I have finally spent a few days going through boxes that have been in the garage for three years, since I moved out of my house, and have found buried treasure again in the form of photos I thought were lost - of some of my favorite canvases I painted almost 15 years ago.
I did find the companion to the round Imari I showed in a post recently. It was my favorite of the two plates I had bought, but it disappeared for a while.
This one has cranes (I don't remember the symbolism right now in Japanese art) and also the Phoenix, which is the symbol for the "Empress." I adapted these two designs from plates dated ca. 1820 - beautiful things.
ADDENDUM: I finally found my list of symbolism, made long ago when I was designing from Chinese and Japanese antique porcelains. The Crane is a symbol of longevity and literary achievment - I like that one!!
Next of importance!!! As I have continued to have much interest in plaid and how to set up and stitch these wonderful patterns in needlepoint, I finally took a few days to update, revise, and add more pictures and color to the book I did about six years ago. At that time, I had no computer, and no way to put much color into it. Also, I've learned more about the terminology, etc., which is an interesting bit of history.
Anyway, this is now on my web page, ELEGANT WHIMSIES, in the form of an "E-Booklet." This means that it is immediately delivered upon purchase, and you may download and print it out yourself.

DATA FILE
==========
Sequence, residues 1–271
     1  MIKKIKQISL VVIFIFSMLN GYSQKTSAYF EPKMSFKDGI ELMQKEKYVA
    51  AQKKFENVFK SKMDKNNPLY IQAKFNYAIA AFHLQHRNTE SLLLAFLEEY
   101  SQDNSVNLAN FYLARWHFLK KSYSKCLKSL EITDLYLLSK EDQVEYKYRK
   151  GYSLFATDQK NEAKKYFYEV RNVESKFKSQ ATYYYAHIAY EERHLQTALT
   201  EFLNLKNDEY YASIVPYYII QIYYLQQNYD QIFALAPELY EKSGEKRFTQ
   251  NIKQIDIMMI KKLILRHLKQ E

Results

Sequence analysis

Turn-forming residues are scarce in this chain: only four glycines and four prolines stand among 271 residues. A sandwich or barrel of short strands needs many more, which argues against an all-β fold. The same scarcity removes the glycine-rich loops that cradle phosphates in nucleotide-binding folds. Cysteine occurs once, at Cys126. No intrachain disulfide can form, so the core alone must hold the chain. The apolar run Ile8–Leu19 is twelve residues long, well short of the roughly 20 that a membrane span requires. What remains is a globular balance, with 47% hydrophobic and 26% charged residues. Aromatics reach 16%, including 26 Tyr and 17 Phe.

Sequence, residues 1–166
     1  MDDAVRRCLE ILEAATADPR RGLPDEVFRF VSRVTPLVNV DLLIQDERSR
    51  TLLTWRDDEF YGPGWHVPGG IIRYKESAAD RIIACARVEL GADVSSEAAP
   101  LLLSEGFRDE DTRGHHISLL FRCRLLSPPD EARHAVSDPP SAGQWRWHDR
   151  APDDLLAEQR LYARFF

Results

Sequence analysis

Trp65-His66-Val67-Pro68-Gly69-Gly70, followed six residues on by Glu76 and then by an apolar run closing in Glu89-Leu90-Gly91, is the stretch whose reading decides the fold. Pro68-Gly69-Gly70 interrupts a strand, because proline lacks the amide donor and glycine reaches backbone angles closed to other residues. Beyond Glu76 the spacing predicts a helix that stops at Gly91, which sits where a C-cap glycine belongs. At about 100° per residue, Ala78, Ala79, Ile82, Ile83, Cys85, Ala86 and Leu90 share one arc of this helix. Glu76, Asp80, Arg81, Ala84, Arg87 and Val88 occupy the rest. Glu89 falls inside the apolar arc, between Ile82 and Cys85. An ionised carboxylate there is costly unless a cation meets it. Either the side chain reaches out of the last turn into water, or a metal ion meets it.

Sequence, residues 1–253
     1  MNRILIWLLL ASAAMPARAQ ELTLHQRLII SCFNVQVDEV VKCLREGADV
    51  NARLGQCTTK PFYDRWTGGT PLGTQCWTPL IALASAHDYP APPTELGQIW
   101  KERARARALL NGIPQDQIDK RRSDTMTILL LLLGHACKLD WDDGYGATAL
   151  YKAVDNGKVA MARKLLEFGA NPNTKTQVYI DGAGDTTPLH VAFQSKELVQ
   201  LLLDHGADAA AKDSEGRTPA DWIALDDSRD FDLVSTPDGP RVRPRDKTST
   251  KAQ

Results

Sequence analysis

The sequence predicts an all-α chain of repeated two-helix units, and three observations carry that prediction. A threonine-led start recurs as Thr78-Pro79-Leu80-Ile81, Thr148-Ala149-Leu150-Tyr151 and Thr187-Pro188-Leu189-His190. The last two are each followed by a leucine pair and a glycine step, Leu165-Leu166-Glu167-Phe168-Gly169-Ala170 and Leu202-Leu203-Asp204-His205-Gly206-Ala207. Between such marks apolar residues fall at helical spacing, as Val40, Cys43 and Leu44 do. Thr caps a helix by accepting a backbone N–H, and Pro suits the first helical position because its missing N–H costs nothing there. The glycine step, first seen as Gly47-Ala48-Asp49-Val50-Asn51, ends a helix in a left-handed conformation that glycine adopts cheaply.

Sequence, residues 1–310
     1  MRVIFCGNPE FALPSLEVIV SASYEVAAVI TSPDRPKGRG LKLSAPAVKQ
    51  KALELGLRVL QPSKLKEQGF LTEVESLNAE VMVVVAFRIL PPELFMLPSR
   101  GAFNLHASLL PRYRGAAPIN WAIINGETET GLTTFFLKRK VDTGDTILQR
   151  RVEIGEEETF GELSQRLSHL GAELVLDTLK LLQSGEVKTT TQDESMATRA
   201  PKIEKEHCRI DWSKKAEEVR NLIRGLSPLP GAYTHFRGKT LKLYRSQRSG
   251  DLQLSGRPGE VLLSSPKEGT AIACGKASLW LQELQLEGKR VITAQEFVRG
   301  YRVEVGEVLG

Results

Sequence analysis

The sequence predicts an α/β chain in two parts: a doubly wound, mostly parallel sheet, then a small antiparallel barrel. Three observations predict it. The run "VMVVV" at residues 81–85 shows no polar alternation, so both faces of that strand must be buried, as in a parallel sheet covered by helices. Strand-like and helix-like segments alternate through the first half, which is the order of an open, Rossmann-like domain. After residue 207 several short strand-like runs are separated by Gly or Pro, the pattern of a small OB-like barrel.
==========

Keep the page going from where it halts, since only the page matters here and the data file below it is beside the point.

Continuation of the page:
This is a good thing, as it's a fraction of the cost of the book that has to be printed and cover and coil binding applied - and then mailed out. I did this as Chapter I, which is basically how to stitch plaid, beginning with simple gingham checks, and then creating your own original plaid patterns by simply manipulating the width and colors in the "stripes."
Chapter II is in the works now, and will be a little more advanced, giving instructions for adapting and setting up projects with actual existing plaids (called "tartan" in the U.K., where the word "plaid" means a blanket thrown over the shoulder in the Highland Scots dress). I'll finish this chapter after I'm done with some painting that is lagging far behind.